PFsDrawn100: 0.0846
Here’s a non-box score stat with some value — fouls drawn. Free throws attempted doesn’t go far enough because there’s value in drawing fouls in other situations too, of course. Note that the plus/minus dependent variable used for this model probably underrates fouls drawn because a player’s team doesn’t fully reap the benefits of drawing a foul until the penalty is finally reached, at which point the player might be on the bench.

OREB%: 3.87
For the last pure offensive variable, there’s offensive rebound rate. The scale is from 0 to 1

Stl100: 1.33
Steals were one of the big finds from statistical plus/minus models. They’re highly valuable. If you split by offense and defense, additionally, about 0.25 of that value goes to offense and the rest to defense. Steals lead to better offensive opportunities because defenses are not set.

OffFoulsDrawn100: 1.22
Here’s one of my favorite discoveries, and it’s made it into other models: drawing an offensive foul, which includes more than just turnovers. In fact, if you split the fouls by charges and non-charges, non-charges were more valuable. This is perhaps a good proxy for physical, “gritty” defenders or just guys who are more active on defense. Note that three of the players with the highest career rates are three of the most prominent “no-stats all-stars:” Shane Battier, Nick Collison, and Jason Collins. Unfortunately, offensive fouls are only available for 2006 to the present, plus the 2001 season, strangely.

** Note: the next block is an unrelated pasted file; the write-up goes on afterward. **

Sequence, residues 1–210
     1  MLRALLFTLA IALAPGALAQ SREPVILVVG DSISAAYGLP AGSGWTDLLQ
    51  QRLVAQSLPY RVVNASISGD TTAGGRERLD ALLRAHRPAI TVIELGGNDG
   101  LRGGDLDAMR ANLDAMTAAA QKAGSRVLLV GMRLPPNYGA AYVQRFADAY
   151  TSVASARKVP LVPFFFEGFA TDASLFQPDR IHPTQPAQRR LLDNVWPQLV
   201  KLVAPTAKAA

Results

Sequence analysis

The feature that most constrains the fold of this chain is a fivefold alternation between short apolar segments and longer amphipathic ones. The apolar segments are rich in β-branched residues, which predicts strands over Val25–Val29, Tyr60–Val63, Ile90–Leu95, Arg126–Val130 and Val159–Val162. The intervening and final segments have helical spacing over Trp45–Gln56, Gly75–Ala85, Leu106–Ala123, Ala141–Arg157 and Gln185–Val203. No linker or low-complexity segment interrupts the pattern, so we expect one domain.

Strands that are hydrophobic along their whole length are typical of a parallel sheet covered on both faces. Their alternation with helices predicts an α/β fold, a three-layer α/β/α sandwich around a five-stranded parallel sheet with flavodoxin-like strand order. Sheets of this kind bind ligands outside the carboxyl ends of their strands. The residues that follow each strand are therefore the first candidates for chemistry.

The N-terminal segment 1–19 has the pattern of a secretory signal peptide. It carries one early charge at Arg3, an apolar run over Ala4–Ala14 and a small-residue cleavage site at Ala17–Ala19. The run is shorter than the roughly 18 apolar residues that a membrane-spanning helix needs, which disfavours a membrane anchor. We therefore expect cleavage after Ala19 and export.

BLK100: 0.236
Blocks are like assists to offense: in their pure form, they’re highly overrated.

Russells100: 0.445
One reason blocks are overrated is that they often are just rebounded by the offense and lead to a basket anyway. Thus, I “created” the Russell, which is a block that the defense recovers. You can read more about block types here.

Blocked0to5Ft100: 0.523
Blocks at the rim were the most valuable, which makes sense — that’s where the highest FG% is. Big men usually have higher rates of blocked shots at the rim, and this is a half-decent proxy for rim protection (it’s much better than just pure blocks.) Blocking a three-point shot did not, however, test well, by the way.

DefGoaltends100: -2.75
Here’s one of my most interesting discoveries[3.]. And yes, that coefficient means a defensive goaltend is worth nearly negative three points per 100 possessions. In more complex models, the coefficient drops to a “mere” -1.5. For direct impact, goaltending obviously gifts the opponent a couple of points, but there’s a chance the shot was going to go in anyway. I think the stat is also a proxy for guys who chase blocks at the expense of good defense and may also penalize the huge, athletic guys who show up on the box score but make a few mistakes on the court. The player with the highest rate (minimum of 3000 minutes in my 2001-15 data-set), by far, is JaVale McGee at 0.94 per 100 possessions, and he’s followed by Samuel Dalembert, Joel Przybilla, Dwight Howard, Bismack Biyombo, and Tyrus Thomas. A couple of those guys were really good defenders — Joel “the Vanilla Gorilla” Pryzbilla and Dwight Howard — so this isn’t a perfect indication of defensive prowess. But it’s an important addition because at the very least players should be debited for giving the opponent those points directly, and the recently retired Lord Tim Duncan has the lowest rate ever for a player with a significant amount of blocks. He had 3020 career blocks to 15 total goaltending violations — and yeah, that’s less than one per season.

blocks goaltends (1)
blocks goaltends (1) /

TechsFlgs100: 1.25